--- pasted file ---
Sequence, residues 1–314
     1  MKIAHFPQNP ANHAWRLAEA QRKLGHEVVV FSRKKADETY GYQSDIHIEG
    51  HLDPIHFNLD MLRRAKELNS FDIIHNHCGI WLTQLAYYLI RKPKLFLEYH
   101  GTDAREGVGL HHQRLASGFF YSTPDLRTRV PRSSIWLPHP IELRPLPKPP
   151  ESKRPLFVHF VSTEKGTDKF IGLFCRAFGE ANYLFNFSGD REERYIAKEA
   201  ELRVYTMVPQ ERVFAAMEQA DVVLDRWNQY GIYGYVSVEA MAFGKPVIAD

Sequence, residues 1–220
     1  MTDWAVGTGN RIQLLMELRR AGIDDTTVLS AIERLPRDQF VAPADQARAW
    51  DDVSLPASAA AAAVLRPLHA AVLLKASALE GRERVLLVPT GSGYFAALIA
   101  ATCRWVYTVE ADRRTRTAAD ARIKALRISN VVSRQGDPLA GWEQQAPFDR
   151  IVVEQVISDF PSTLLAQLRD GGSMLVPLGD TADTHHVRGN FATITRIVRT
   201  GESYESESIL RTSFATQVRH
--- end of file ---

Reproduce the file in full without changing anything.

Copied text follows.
Sequence, residues 1–314
     1  MKIAHFPQNP ANHAWRLAEA QRKLGHEVVV FSRKKADETY GYQSDIHIEG
    51  HLDPIHFNLD MLRRAKELNS FDIIHNHCGI WLTQLAYYLI RKPKLFLEYH
   101  GTDAREGVGL HHQRLASGFF YSTPDLRTRV PRSSIWLPHP IELRPLPKPP
   151  ESKRPLFVHF VSTEKGTDKF IGLFCRAFGE ANYLFNFSGD REERYIAKEA
   201  ELRVYTMVPQ ERVFAAMEQA DVVLDRWNQY GIYGYVSVEA MAFGKPVIAD

Sequence, residues 1–220
     1  MTDWAVGTGN RIQLLMELRR AGIDDTTVLS AIERLPRDQF VAPADQARAW
    51  DDVSLPASAA AAAVLRPLHA AVLLKASALE GRERVLLVPT GSGYFAALIA
   101  ATCRWVYTVE ADRRTRTAAD ARIKALRISN VVSRQGDPLA GWEQQAPFDR
   151  IVVEQVISDF PSTLLAQLRD GGSMLVPLGD TADTHHVRGN FATITRIVRT
   201  GESYESESIL RTSFATQVRH